In the supposedly nonpartisan race for state schools chief, talk of California children has somehow vanished amid accusations of homophobia, racism and out-and-out lying.
Things got ugly in the superintendent’s race this week after a campaign flyer from challenger Gloria Matta Tuchman, a first-grade teacher, pointed mockingly to seven supporters of incumbent Delaine Eastin.
“Look who Eastin Proudly Lists As Endorsers,” the flyer said, naming the California Teachers Association, San Francisco Mayor Willie Brown, the Alice B. Toklas Gay/Lesbian Democratic Club and three female politicians from Southern California.
“These are three prominent lesbians, a gay and lesbian political organization, teachers and a black man,” said Mike Marshall, Eastin’s campaign manager. “Eastin has more than 3,000 contributors, and over 500 organizations and elected officials have endorsed her. But Gloria Matta Tuchman pulls out these names and suggests there is something wrong with them. Why?”
“We just did,” Tuchman said. “They don’t support what I support.”
California’s superintendent is the state’s only nonpartisan constitutional office. Education, the thinking goes, is supposed to transcend contentious politics. Everyone is on one side — the children’s.
Flashes of gentility have in fact been evident in the Eastin-Tuchman debates so far. Each has talked about academic standards, how best to teach reading and whether the new state test should have started this past spring or next spring.
But with less than two weeks before the November 3 election that will determine who runs the nation’s largest school system for the next four years, the race has become highly partisan. Tuchman supporters are staunchly Republican, while Democrats firmly back Eastin.
As for the candidates, angry faxes from each campaign have eclipsed the talk about schools.
Yesterday, Eastin did not buy Tuchman’s mild explanation of the campaign flyer.
“No homophobe ever says they’re homophobic,” said the superintendent. “I don’t want to call names and point fingers. It’s intended to appeal to a group of people who are in fact homophobic.”
The inclusion of Brown’s name was intended to appeal to the “racist element in society,” said Eastin, likening the association to an incident years ago, when Republican lawmakers in Sacramento apologized for placing Brown’s photograph above the name of candidate Leo McCarthy in an anti-McCarthy flyer.
“They called it an honest mistake,” Eastin said.
But Tuchman said it is Eastin who is making the mistake. “It is not my intent to discriminate,” she said.
The slugfest between the educators began this summer, when Tuchman accused Eastin’s Department of Education of manipulating bilingual education figures.
As a co-author of Proposition 227, the anti-bilingual education measure that passed in June, Tuchman was incensed when several school districts reported that graduates of bilingual programs had outperformed native English speakers on achievement tests.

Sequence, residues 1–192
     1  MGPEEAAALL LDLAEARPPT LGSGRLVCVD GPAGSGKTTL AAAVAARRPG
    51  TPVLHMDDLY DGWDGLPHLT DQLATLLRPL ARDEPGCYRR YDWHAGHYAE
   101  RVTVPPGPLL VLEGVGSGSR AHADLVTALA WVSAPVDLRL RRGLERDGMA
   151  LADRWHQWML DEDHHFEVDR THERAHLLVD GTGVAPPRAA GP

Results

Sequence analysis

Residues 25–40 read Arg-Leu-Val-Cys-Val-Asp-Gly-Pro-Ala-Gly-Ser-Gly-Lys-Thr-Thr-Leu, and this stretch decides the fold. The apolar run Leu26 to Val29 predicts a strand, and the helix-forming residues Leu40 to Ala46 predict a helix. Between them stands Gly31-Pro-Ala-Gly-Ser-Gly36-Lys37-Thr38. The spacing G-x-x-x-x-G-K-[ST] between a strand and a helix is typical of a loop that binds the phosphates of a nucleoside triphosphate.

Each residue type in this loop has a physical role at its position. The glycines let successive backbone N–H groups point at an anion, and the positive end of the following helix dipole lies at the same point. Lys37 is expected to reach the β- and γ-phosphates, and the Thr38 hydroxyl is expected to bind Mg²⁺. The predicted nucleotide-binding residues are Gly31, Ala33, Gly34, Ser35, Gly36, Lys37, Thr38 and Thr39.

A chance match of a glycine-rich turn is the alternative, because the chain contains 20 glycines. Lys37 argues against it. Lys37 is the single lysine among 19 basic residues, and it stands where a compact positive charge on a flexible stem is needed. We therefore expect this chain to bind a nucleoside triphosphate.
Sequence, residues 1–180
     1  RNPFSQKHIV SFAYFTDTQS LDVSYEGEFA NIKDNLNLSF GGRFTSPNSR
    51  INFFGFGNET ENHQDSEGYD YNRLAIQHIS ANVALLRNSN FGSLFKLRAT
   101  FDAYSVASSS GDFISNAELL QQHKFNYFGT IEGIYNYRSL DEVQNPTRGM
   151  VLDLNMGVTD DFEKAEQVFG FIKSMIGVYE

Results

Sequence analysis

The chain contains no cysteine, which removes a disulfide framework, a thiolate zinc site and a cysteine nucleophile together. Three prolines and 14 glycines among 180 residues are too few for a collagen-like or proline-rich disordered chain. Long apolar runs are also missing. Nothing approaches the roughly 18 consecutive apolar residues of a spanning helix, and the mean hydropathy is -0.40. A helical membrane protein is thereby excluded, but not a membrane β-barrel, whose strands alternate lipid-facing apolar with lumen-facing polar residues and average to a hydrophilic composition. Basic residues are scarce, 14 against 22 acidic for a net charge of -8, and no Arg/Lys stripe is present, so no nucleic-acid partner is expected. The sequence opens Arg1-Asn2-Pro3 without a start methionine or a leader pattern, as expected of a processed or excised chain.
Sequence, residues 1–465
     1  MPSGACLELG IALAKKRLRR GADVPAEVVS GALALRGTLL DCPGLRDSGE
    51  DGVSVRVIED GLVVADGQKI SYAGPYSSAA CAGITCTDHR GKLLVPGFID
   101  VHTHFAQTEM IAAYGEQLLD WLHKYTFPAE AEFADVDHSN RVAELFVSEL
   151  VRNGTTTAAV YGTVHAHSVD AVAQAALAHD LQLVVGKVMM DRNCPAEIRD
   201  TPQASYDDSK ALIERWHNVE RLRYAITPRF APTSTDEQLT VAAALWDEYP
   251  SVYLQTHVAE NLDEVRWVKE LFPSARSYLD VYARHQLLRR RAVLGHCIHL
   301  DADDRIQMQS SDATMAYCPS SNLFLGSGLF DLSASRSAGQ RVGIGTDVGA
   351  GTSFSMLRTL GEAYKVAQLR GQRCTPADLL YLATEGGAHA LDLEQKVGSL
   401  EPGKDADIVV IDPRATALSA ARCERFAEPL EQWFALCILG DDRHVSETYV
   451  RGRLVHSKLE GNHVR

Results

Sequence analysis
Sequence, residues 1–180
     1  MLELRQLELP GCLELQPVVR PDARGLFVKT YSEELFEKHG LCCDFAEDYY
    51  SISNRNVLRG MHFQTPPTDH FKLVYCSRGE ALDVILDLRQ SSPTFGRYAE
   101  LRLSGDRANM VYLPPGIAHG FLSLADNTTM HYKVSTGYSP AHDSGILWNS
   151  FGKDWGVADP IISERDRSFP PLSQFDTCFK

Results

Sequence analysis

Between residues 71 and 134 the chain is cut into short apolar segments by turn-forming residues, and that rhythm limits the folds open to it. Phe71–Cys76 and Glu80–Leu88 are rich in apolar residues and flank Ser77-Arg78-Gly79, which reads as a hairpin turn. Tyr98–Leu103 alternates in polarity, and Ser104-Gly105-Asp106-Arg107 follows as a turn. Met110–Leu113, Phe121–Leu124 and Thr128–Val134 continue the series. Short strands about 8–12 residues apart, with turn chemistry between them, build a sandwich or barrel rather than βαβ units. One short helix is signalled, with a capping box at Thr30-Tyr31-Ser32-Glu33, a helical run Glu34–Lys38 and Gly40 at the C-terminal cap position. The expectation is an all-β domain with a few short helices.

“Somebody is lying,” she said. “Somebody is manipulating the numbers. Now, if you want evidence, no one told me. I am assuming this. I smell a rat.”
Then Eastin smelled a rat. She accused Tuchman of being a closet creationist. Tuchman countered by saying she cannot be a creationist since her husband is Jewish.
But Eastin insisted that a number of threads connect Tuchman to a Christian right-wing agenda.
For example, nearly half of Tuchman’s campaign is financed by banking heir Howard Ahmanson, who has given millions of dollars to political causes of the Christian right and has sat on the board of the anti-gay Chalcedon Institute.
Eastin’s campaign sent out its own flyer showing that Tuchman was scheduled to appear at a fund-raiser for David Wiebe, a candidate for Riverside County superintendent who supports creationism in the schools.
“She said she’s not a creationist, but if you go and attend an event, then you’re being identified with their supporters,” Eastin said. “This is what these extremists do. They try to pretend they’re centrist. But if David Duke invited me to go to an event for him, I wouldn’t go.”
Tuchman countered: “She wants to tarnish my reputation. It’s not my understanding” that appearing at a fund-raiser indicates support.
But guilt by association was essential to understanding the campaign flyer Tuchman sent out that pointed to Eastin’s endorsers.
Besides Brown, the teachers union and the Toklas club, the three women named were Assemblywoman Sheila Kuehl, San Diego City Council member Christine Kehoe and former Los Angeles school board member and current City Council member Jackie Goldberg.
“The impression is clearly that I shouldn’t be proud of these endorsements,” Eastin said. “And that goes to the heart of the matter — the suggestion that you should be ashamed to be endorsed by teachers, Mayor Willie Brown, and gays and lesbians who are duly elected.”
Tuchman said there is nothing wrong with such groups as the Alice B. Toklas Lesbian/Gay Democratic Club. “It’s just like the Playboy Club. They endorse Delaine Eastin’s policies,” she said.
Tuchman has linked Eastin with the Playboy Club several times, and Eastin responds by saying she has received a $200 contribution from a man who used to work for the club.
“When they repeat things over and over again, and they don’t make an effort to find out the facts, then you have to believe it’s intentional,” Eastin said. “It’s lying.”
Polls show voters still know little of either candidate. Ultimately, the race may come down to which side has more money for television ads.
Eastin backers fear that a last-minute flood of cash from Ahmanson and other members of the political right could give Tuchman the boost she needs to win.
Tuchman backers say the superintendent is in the pockets of “the educrats” like the teachers unions that are financing much of her campaign.